Just like the Dream Team, this current Team USA’s stars are signing autographs for opponents. Watch the video above as Tunisian forward Mohamed Hdidane asks Kobe Bryant to sign his shoe after their game.
Caron Butler spent a year in Los Angeles as Kobe Bryant’s Laker teammate thanks to the Shaquille O’Neal trade that sent the big fella to Miami.
“I say that’s the best thing that ever could have happened for me personally for my career,” Butler said. “To play alongside a guy like that, see his preparation, see what it takes to get to that level, that’s why I was able to be so good in Washington because I took everything I learned from him under his wing.”
Butler played in 77 games in 2004-05 with the Lakers. He averaged a then career-high (by a tick) 15.5 points and then career-high 5.8 rebounds. His free throw shooting improved, too.
“Work ethic,” Butler said. “He comes to the gym 6:30, 7 in the morning, gets shots every day, a rhythm. Afterward hits the weight room, works out in the summer, studying film, critiquing guys, watching their tendencies, picking things up … Just studying the game with him taught me a lot.”
Butler and Bryant talk every couple of weeks and when Butler was traded to Dallas Bryant was quick with a call.
“He told me he was happy for me and happy to see me in a situation to be able to legitimately compete for a title,” Butler said.
Trevor Ariza tried to explain the other day, and he wound up stopping mid-sentence to convey what he was truly feeling. “I used it like it was” he began.
Then he tilted his head back, turned his palms up and stretched those noodle arms out to his sides. And he looked to the heavens.
“I used it like it was the Bible,” Ariza said.
What we were talking about was the shooting-practice program given to Ariza entering the summer before this season by one Kobe Bryant. The meaning of the gesture to Ariza - and its net effect in transforming his jump shot and thus this Lakers championship team - makes it the quintessence of the latter-day Bryant as a teammate.
He is a champion again, but he is an altogether different champion.
“He has become a giver rather than just a guy who is a demanding leader,” Lakers coach Phil Jackson said upon the Lakers winning the NBA championship Sunday night. “And that’s been great for him and great to watch.”
We follow sports, but sports are really about people - their success and failure, hopefully their growth. Win or lose, Bryant has always been the same in one regard: driven to the point of drama. At 30, he has grown glacially in other ways of life, however.
Through stinging defeat, years of contemplation and a head-high stack of leadership books given him by Jackson, Bryant has made a quantum leap. He used to wonder why he should pass the ball to a teammate who hasn’t practiced as much and isn’t as skilled. Now he knows that he can guide that teammate to sharper practice and upgraded skills.
It’s simplistic to say this is about trusting teammates. What must happen is ensuring your teammates are trustworthy.
It’s a quality Jackson sought to draw out of Bryant before he was ready. Jackson failed to get Bryant to teach Isaiah Rider the nuances of the triangle offense. Jackson couldn’t sway Bryant to gift a moment in the game for Devean George to find his rhythm instead of just looking to take over on his own. “Phil is good at not only coaching X’s and O’s,” Derek Fisher said, “but trying to make a guy be something that you want him to be.”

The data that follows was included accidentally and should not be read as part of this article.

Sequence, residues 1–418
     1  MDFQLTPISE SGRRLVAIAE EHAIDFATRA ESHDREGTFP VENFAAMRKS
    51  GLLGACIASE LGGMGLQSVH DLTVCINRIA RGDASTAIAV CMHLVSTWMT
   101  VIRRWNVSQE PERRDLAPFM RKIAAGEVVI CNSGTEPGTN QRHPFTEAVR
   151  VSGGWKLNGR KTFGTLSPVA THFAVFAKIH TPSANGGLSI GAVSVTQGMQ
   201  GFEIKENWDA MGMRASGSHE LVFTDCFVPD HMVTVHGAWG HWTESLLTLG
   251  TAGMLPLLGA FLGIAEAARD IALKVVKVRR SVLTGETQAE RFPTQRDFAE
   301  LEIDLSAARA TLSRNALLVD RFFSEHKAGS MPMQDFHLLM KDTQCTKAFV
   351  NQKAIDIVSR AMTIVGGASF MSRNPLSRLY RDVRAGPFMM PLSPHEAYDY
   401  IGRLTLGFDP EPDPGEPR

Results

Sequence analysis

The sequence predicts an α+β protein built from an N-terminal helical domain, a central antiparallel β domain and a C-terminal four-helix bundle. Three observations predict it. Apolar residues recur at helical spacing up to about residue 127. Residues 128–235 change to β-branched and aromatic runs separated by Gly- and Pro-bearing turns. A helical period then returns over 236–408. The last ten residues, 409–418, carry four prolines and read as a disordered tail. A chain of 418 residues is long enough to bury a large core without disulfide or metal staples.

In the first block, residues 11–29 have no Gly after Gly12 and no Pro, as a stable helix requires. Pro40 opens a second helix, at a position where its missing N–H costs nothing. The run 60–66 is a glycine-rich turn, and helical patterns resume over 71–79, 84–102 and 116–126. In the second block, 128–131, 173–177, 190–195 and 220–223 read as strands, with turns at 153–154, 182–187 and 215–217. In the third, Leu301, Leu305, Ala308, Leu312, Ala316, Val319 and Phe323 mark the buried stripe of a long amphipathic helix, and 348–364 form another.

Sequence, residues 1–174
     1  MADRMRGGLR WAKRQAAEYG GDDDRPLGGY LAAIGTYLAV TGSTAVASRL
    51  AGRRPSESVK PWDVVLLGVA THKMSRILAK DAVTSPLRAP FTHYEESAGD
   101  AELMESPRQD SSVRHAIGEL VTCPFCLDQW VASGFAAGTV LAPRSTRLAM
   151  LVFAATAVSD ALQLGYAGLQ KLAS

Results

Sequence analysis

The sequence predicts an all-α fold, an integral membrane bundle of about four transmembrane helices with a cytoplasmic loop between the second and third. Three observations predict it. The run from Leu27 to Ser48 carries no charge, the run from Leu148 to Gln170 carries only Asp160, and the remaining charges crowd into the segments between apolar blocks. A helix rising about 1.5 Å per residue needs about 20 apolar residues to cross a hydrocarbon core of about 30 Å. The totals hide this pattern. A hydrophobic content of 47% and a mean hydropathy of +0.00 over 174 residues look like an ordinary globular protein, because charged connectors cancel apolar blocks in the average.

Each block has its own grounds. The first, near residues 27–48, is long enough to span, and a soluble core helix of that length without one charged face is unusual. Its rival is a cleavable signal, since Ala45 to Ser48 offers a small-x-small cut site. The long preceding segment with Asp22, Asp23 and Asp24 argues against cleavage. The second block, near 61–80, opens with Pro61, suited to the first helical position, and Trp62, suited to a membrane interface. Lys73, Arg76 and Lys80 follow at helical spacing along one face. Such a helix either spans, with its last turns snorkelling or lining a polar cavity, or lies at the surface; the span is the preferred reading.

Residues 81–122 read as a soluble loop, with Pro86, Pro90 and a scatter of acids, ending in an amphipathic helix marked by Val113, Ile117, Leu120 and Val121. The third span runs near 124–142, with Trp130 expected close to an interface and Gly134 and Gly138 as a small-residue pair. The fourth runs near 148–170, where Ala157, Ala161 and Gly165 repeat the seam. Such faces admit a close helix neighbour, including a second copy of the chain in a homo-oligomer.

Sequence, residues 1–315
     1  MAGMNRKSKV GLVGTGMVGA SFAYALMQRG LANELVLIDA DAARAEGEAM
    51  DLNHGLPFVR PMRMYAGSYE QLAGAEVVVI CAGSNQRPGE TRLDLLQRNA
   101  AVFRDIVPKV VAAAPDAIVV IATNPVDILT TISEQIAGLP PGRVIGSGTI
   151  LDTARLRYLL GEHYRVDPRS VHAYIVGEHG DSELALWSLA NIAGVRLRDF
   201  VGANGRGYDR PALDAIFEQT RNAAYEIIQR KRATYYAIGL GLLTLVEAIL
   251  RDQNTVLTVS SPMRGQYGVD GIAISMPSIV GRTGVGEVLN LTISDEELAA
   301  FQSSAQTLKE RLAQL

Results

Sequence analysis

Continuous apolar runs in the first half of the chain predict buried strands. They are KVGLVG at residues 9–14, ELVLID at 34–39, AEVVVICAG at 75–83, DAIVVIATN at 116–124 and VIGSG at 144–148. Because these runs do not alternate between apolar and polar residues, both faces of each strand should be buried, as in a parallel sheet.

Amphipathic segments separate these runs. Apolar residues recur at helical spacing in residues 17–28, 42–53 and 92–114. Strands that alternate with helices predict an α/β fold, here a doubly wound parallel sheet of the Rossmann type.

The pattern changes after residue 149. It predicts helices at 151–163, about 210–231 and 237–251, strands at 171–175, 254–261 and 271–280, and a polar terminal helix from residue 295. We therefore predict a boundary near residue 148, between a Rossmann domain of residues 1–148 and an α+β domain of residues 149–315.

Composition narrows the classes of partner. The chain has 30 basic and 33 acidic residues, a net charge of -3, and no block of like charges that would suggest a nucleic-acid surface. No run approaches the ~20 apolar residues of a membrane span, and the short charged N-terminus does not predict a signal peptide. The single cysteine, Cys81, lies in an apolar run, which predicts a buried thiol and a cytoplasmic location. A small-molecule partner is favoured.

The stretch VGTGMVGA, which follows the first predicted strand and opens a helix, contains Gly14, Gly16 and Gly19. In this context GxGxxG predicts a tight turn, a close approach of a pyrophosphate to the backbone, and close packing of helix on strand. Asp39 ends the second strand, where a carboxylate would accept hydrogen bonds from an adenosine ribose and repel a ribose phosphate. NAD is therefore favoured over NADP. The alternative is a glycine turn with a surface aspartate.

So Jackson shocked his friends and family by returning to coach Bryant, who had begun to mentor Caron Butler and was ready for far more. Bryant yearned for growth, but three seasons with Lamar Odom as the inconsistent next-best Laker didn’t produce a single playoff series victory.
Then last season, with Fisher back to help lead, Bryant’s teammates started to show signs of improvement, especially young Andrew Bynum. Out of Bynum’s hard work sprung renewed hope in Bryant, and then Mitch Kupchak came up with what he called Sunday night “a couple of lucky strokes” to land Ariza and Pau Gasol in trade. It pushed Bryant forward even further in prioritizing his teammates’ development. Sharing his personal shooting program with Ariza was akin to unlocking the vault. “Getting that from him? Kind of cool, kind of cool,” Ariza said. “Because before I got here, you always hear how he’s this certain type of person. And when I got here, you realize he’s not what everybody says he is.
“I just got in the gym every day and worked. I used what he told me, used some things that he gave me to do. And I just worked.”
It worked. Ariza had made nine 3-pointers in his first four NBA seasons. This season, he made 61 as a prelude to his 47.6 percent playoff marksmanship that Bynum described with bugged-out eyes this way: “His shooting is ridiculousat this point.”
Bryant made nine 3-pointers in the NBA Finals; Ariza made 10. Bryant made 37 3-pointers in the playoffs; Ariza made 40.
Twice in the second quarter Sunday night, Bryant drew defenders and kicked the ball over to Ariza, who stepped into perfect-form 3-pointers against the team that traded him. During that stretch that became a 16-0 run, the Lakers started settling on their summer smiles.
Asked about Orlando trading him to the Lakers, Ariza said: “I know they always knew that I could shoot the ball; that wasn’t the issue. It was just the confidence.”
There is also that ineffable something known as will. Earlier this season Orlando’s feisty Matt Barnes was standing close to Bryant when he feigned throwing a ball at Bryant’s face. Bryant never even flinched. “That scared me a little,” Barnes said later. “I mean, that wasn’t even human.”